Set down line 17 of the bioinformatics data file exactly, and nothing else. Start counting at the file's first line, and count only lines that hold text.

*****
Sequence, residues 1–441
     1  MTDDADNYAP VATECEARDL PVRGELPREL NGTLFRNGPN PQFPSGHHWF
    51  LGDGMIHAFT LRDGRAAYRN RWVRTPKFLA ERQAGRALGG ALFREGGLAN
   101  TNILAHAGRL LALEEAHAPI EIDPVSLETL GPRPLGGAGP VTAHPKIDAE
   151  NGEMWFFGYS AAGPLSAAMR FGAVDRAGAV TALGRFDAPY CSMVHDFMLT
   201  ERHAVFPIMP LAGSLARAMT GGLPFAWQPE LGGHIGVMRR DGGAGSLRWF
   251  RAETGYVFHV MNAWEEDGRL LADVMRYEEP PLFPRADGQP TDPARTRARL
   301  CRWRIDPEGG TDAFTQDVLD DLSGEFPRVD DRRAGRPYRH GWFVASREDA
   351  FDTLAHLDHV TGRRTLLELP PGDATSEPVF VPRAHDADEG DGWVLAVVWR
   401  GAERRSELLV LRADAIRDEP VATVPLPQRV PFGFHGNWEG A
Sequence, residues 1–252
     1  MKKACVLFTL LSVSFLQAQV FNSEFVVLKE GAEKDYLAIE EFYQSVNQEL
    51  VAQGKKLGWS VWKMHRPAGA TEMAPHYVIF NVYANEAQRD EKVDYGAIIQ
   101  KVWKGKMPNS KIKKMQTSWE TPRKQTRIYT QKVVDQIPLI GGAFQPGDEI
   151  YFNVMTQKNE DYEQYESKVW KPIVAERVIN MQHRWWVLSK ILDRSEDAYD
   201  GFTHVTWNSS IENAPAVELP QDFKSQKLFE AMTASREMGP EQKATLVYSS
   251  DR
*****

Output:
   251  DR